Greece and lenders finally reach deal on bailout reforms

Deal includes labour and energy reforms as well as pension cuts and tax rises

Athens has agreed to raise the equivalent of 2% of gross domestic product by cutting pensions further in 2019, and increasing tax receipts. Photograph: Getty Images

Athens has agreed to raise the equivalent of 2% of gross domestic product by cutting pensions further in 2019, and increasing tax receipts. Photograph: Getty Images

 

Greece and its foreign creditors reached a deal early on Tuesday on a package of bailout-mandated reforms, Greek finance minister Euclid Tsakalotos said, paving the way for the disbursement of further rescue funds.

“There was white smoke,” Mr Tsakalotos told reporters, using a term associated with papal elections. “The negotiations for a technical deal were concluded on all issues...the way has now been paved for debt relief talks.”

Talks on the deal, which includes labour and energy reforms as well as pension cuts and tax rises, had dragged on for half a year mainly due to a rift between the EU and the International Monetary Fund over fiscal targets.

Greece now needs to legislate the new measures before euro zone finance ministers approve the disbursement of loans, money Athens needs to repay €7.5 billion in debt maturing in July.

The next scheduled eurogroup meeting is on May 22nd, where reducing Greece’s debt will also be discussed.

As part of the reforms Athens has promised to cut pensions in 2019 and cut the tax-free threshold in 2020 to produce savings worth 2 per cent of gross domestic product. If it outperforms its targets it will be allowed to activate a set of measures offsetting the impact of the additional austerity, which includes mainly lowering taxes.

Debt relief

Following Tuesday’s agreement, the lenders are likely to decide amongst themselves on Greece’s medium-term primary surplus targets, a key element for granting further debt relief. The IMF says Greece cannot maintain high primary surpluses unless it adopts more austerity and is granted further debt relief by the EU.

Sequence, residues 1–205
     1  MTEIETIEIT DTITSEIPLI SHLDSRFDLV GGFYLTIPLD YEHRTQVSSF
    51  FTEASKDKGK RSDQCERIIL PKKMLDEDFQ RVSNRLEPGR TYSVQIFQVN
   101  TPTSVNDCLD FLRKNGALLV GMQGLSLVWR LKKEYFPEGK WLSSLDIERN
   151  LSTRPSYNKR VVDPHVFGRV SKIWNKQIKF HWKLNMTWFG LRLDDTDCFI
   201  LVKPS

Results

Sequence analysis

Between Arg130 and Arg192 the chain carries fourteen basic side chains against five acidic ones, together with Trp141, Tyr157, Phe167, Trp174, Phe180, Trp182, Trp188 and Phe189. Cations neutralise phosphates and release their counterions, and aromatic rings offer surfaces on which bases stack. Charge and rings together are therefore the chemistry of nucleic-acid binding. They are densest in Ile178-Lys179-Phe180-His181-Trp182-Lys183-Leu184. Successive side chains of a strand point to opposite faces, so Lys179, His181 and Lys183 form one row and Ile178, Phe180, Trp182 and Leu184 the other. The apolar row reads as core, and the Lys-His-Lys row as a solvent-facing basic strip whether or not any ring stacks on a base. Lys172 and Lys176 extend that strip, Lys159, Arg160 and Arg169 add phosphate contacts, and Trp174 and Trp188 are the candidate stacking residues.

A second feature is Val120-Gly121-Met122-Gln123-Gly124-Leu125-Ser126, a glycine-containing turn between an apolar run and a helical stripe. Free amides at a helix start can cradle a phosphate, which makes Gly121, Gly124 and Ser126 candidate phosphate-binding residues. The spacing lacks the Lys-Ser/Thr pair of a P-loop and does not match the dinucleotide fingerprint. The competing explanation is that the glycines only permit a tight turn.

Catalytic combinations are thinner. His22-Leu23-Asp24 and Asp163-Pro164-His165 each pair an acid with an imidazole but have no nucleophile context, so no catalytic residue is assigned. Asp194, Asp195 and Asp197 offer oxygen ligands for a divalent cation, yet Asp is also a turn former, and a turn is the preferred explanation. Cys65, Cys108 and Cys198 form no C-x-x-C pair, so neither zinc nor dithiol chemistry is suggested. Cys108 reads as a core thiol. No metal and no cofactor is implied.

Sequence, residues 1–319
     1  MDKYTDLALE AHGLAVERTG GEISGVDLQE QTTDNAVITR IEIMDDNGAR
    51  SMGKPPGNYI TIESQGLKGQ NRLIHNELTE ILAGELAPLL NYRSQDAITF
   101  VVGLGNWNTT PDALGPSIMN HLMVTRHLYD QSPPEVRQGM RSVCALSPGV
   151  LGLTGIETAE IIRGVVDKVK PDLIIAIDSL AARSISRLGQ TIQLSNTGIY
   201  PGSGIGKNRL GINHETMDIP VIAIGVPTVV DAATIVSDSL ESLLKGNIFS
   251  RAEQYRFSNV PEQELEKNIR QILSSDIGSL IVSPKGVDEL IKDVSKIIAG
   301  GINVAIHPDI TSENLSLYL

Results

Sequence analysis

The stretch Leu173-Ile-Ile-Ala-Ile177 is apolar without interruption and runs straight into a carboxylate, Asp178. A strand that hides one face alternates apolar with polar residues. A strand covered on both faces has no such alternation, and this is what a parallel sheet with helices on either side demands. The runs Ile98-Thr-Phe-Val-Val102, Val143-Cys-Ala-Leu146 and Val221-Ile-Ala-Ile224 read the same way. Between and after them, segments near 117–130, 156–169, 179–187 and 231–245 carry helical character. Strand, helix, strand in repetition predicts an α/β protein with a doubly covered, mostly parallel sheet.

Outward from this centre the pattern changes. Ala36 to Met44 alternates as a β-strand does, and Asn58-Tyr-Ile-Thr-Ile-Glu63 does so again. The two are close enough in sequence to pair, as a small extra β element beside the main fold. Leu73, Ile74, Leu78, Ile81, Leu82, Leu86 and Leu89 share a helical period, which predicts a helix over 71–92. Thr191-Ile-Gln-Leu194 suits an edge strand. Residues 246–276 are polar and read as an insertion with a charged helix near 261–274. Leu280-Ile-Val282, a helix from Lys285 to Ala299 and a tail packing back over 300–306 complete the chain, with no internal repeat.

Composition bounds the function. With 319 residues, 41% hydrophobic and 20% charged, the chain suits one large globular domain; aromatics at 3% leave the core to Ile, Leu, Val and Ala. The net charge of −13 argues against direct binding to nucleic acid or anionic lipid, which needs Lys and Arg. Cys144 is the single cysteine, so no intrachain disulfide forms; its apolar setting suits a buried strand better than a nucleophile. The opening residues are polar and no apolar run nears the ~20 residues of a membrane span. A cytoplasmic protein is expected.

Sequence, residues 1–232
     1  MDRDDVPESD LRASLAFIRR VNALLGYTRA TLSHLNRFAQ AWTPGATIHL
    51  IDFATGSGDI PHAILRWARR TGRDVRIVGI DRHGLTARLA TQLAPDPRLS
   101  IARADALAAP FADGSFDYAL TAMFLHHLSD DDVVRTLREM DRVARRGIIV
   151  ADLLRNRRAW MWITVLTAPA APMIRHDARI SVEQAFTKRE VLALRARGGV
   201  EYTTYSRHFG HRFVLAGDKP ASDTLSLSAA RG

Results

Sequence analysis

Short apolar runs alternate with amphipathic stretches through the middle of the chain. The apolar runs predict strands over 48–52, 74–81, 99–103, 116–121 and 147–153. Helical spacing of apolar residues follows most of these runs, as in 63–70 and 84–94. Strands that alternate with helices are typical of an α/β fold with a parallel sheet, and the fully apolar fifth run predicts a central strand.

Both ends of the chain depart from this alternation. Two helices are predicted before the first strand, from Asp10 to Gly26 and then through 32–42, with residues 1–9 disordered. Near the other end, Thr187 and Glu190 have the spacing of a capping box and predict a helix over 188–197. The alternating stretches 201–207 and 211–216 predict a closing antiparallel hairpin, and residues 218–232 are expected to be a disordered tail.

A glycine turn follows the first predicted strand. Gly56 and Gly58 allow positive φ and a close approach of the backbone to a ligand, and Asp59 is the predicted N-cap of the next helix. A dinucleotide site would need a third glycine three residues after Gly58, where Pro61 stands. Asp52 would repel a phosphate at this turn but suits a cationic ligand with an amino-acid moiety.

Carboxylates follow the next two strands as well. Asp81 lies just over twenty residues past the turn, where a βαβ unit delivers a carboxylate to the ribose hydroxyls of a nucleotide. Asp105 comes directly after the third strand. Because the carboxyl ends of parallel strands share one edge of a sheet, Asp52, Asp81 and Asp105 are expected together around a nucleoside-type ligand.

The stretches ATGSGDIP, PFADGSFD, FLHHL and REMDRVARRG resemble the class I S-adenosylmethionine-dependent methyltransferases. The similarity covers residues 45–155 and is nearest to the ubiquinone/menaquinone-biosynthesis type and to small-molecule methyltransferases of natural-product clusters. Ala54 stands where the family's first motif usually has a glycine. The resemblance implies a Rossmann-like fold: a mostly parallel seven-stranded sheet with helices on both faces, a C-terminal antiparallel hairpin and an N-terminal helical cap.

In a draft document seen by Reuters, the IMF says Greece can reach a primary surplus of 2.2 per cent in 2018 and aim at 3.5 per cent annually in 2019-2021, if it implements the new measures agreed with its lenders. It suggests the primary surplus target be reduced to 1.5 per cent of GDP thereafter.

Its euro zone lenders believe Greece can sustain a 3.5 per cent GDP primary surplus target over a longer period.

The talks focused on economic overhauls including further pensions cuts, tax increases and changes to the labour market. But they stalled at times as a result of disagreements between European officials and the IMF over Greece’s economic prospects and its ability to meet budget targets.

Cutting pensions

As part of the deal announced Tuesday, Athens agreed to raise the equivalent of 2 per cent of gross domestic product by cutting pensions further in 2019, and increasing tax receipts by reducing the income threshold at which taxes must be paid.

Yielding to creditors’ demands to make the labour market more competitive, the deal also makes it easier for businesses to fire employees.

Pierre Moscovici, the European commissioner for economic and financial affairs, said in a statement that the deal was “a very positive development”.

“It is time to turn the page on this long and difficult austerity chapter for the Greek people,” he said. “With this agreement we need now to write a new story of stability, jobs and growth for Greece, and for the euro area as a whole.”

Greece’s government must now draft legislation bundling together all the measures and push it through parliament before euro zone finance ministers meet on May 22nd. – Reuters